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Clearing the Runway

When you take off in a plane, you probably don't give much thought to the runway. You may notice that some are a bit bumpier than others, but you probably don't stop to think if they've been cleaned. From what? Our Vagabond Traveler, Doug Lansky, will tell you.

Clearing the Runway
by Doug Lansky

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Dear Rudy,

I recently spent a few hours at Heathrow Airport with Tony and Patrick, a team of runway checkers. Their job is to make sure the runways are clear of "bits and pieces". That is to say, bits and pieces that have fallen off of airplanes when they take off and land. I'll bet you never realized there were bits and pieces dropping off of airplanes to the degree that you needed an entire team of people to keep picking them up.

There are.

What sort of things do they find?

Tony said it's usually something like a winglet, a non-vital piece of the wing, from the way he made it sound, or a blown-out tire. But he once found a door from the underside of a plane. The good news is that whatever they find, they can usually identify it and notify the airline.

Although we didn't find any significant "bits", such as an engine or wing while I was tagging along, I did spot a small chunk of tire. Tony said the smaller bits get blown off into the grass when planes take off and land.

The best part of the job, as far as I was concerned, was being so close to the planes during take off and landing. To cover the runways without affecting the flow of traffic, Patrick would bring the yellow Land Rover to one end and, facing the landing or departing planes, charge at them like a mismatched game of chicken. We'd scan the runway for about 30 seconds before we'd have to make a quick exit onto the grass. When the plane roared past, we'd resume checking.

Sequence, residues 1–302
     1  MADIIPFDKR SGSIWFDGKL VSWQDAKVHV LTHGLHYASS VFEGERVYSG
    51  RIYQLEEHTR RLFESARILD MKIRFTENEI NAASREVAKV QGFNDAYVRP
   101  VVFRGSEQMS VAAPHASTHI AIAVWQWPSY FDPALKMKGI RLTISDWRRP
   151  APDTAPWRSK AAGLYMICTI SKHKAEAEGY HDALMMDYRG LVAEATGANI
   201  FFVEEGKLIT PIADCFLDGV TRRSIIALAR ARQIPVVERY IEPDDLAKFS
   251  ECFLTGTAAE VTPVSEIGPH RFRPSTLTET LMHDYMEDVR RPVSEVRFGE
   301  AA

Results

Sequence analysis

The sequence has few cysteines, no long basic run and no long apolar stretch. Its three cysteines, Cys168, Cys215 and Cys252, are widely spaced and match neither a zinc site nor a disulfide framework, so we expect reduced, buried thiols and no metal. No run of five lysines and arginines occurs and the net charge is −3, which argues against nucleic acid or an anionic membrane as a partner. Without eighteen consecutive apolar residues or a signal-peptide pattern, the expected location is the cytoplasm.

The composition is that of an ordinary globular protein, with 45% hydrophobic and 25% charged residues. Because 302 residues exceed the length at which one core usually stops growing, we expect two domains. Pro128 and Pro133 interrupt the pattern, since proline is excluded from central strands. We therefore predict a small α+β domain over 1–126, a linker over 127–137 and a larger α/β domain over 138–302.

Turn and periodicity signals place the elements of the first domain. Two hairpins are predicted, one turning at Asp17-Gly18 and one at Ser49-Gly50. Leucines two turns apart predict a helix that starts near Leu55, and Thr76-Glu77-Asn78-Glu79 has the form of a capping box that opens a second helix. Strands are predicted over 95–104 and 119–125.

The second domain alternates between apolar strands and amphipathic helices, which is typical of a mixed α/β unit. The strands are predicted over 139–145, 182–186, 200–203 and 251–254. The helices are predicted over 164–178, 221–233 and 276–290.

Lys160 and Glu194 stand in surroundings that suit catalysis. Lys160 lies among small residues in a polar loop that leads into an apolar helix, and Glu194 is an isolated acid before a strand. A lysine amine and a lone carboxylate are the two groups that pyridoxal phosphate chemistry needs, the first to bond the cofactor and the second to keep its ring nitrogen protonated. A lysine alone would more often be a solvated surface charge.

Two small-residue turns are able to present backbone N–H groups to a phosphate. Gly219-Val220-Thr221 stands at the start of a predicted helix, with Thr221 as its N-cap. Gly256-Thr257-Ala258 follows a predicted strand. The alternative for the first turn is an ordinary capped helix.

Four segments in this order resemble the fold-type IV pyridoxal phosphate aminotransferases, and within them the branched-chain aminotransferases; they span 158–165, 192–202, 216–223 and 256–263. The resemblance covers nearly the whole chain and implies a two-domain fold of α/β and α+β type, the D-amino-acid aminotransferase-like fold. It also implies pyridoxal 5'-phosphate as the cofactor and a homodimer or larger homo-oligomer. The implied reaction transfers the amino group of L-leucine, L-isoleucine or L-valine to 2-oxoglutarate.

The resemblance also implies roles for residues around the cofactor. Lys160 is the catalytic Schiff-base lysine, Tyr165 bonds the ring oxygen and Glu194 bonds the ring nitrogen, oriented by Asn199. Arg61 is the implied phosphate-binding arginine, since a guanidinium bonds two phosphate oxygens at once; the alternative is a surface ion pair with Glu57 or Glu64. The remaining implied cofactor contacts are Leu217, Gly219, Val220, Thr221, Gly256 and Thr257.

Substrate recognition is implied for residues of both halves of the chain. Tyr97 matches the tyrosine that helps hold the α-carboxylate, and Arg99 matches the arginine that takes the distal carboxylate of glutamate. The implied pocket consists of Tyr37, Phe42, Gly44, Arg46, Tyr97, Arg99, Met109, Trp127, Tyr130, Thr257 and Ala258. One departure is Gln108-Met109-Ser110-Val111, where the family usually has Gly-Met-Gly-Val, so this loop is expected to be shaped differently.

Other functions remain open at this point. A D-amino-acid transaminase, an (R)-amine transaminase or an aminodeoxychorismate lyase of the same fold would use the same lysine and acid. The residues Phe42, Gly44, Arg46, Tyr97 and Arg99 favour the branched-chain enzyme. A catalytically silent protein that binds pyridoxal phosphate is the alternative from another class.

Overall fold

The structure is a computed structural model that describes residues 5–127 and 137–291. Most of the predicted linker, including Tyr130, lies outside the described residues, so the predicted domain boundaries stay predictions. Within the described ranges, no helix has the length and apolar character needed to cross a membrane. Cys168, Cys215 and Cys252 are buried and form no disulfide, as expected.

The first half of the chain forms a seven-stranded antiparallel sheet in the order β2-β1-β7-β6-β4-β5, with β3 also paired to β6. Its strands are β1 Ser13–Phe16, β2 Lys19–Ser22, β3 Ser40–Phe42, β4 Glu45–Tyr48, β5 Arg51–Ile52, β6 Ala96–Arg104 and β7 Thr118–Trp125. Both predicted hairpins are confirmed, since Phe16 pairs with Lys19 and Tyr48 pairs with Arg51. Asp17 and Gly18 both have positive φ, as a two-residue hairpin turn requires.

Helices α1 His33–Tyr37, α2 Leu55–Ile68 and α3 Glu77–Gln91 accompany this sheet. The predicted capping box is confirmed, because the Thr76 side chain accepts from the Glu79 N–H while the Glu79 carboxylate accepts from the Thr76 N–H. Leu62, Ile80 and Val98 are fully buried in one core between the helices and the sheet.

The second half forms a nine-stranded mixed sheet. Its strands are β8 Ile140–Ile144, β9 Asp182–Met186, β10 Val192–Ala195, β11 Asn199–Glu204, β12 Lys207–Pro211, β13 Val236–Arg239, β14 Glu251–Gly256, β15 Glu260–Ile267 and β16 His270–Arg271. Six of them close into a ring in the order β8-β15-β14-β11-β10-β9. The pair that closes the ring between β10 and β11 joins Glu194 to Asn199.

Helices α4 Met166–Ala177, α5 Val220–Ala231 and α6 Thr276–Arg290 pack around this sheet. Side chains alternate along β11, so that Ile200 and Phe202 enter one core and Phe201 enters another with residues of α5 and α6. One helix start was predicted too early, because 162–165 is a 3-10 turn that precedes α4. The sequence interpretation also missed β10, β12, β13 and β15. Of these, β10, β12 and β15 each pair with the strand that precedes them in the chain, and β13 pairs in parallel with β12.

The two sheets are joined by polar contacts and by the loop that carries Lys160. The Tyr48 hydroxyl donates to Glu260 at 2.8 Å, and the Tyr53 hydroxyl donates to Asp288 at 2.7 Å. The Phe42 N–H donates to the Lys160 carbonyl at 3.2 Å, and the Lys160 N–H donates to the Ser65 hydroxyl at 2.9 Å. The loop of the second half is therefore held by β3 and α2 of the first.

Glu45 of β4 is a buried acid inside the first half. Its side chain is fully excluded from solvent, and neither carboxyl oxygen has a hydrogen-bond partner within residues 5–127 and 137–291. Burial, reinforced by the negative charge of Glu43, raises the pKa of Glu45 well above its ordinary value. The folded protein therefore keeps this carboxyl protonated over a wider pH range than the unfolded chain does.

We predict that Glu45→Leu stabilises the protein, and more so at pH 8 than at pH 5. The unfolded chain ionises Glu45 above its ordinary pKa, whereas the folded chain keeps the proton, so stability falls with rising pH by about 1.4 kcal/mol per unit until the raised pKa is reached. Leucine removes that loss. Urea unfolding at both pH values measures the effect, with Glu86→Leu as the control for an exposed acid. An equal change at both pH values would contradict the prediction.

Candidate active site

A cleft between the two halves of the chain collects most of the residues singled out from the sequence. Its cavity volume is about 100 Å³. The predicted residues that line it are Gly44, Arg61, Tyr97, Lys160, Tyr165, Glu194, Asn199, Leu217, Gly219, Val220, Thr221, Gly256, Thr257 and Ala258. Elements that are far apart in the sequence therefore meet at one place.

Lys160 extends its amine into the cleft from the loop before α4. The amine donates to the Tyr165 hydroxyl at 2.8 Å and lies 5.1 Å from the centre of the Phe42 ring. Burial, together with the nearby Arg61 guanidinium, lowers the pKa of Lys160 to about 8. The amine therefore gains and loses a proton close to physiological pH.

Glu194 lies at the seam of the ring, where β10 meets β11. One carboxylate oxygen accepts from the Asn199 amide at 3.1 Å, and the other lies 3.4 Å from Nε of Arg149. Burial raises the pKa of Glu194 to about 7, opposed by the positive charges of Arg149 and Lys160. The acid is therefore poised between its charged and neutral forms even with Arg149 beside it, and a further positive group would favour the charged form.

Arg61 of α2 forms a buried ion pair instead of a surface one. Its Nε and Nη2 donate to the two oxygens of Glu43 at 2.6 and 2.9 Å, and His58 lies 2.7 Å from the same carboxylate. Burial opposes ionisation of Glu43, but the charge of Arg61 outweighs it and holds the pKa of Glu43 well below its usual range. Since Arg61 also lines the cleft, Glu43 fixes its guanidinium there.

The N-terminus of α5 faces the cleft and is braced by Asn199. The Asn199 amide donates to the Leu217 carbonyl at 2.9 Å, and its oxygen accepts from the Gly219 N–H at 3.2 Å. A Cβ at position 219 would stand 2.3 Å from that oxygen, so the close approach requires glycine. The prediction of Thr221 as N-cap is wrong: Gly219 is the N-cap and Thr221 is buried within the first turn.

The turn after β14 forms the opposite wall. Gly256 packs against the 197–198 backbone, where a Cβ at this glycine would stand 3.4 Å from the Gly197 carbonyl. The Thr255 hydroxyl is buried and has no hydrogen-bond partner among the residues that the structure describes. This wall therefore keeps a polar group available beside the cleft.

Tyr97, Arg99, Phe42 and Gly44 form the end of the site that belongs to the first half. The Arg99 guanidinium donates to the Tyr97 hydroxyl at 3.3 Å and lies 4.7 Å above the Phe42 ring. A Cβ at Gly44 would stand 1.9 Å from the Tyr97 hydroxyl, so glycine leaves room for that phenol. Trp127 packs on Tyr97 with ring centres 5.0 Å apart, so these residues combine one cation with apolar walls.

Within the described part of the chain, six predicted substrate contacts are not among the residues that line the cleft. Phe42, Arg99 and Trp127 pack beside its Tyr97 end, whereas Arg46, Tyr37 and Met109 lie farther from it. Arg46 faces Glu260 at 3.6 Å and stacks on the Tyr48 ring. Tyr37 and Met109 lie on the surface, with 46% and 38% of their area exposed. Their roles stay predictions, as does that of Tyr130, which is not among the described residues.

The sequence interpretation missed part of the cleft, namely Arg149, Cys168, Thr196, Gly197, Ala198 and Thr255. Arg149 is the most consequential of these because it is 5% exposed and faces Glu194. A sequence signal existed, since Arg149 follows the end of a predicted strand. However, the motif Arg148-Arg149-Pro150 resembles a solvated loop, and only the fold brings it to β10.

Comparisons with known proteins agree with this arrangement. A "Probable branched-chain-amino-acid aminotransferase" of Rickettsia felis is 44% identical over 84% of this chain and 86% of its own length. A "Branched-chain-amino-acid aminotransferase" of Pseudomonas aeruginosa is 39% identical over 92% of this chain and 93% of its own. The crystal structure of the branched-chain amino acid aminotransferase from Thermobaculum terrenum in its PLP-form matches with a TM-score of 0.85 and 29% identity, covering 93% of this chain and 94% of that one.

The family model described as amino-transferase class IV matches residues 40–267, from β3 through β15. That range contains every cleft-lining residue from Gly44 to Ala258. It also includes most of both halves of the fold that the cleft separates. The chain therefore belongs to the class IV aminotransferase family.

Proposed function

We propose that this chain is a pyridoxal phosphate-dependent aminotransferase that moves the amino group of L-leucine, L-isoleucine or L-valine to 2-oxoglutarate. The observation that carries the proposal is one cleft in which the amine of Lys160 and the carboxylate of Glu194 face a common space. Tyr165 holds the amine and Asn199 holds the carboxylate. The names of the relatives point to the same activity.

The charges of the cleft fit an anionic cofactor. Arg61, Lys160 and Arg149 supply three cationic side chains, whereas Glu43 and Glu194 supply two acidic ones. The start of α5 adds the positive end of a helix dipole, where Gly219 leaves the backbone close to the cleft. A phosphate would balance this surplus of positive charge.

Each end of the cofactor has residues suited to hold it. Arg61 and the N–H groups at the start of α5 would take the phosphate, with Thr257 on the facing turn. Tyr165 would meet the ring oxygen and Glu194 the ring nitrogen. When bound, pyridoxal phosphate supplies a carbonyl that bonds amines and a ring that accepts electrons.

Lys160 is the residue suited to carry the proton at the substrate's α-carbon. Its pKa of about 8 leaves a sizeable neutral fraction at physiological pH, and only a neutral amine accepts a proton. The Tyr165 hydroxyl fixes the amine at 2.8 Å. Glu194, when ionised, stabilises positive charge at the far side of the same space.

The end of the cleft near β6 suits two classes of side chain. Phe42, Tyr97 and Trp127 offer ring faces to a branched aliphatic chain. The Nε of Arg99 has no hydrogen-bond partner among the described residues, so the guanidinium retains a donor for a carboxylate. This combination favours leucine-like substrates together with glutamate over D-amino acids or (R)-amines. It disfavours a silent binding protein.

But the real science is the bird chasing. There are over ten species of birds on and around the airfield. And from the airport's standpoint, that's ten too many. Birds may have inspired flight, but now that we've got the hang of it, we don't want them around. They are strictly forbidden to use runways for taking off and landing. A seagull sucked into the engine is seriously bad news. A duck can go through the pilot's windshield. The day before, in fact, a tiny Starling hit the front of a plane. "But the windscreen was okay," Patrick said.

"And the bird?" I asked.

"The bird was taken in for an autopsy," Tony explained. I waited for the punch line, figuring the cause of death, head-on collision with a jumbo jet, was pretty obvious.

But Tony continued with a straight face. "They need to find out if the bird was eating something found on the airfield so we can get rid of it," he said. Clearly, this is serious business.

Airfield grass is maintained at eight inches, which has been scientifically proven to deter birds from feeding or settling. They even have a Scarecrow machine, a device that simulates nine birdcalls, with large speakers mounted on the roof of the Range Rover. They can imitate aggressive birds to frighten smaller ones off, or simulate birds in heat to attract the males and lead them away Pied Piper style.

By comparison, being a passenger is peanuts.

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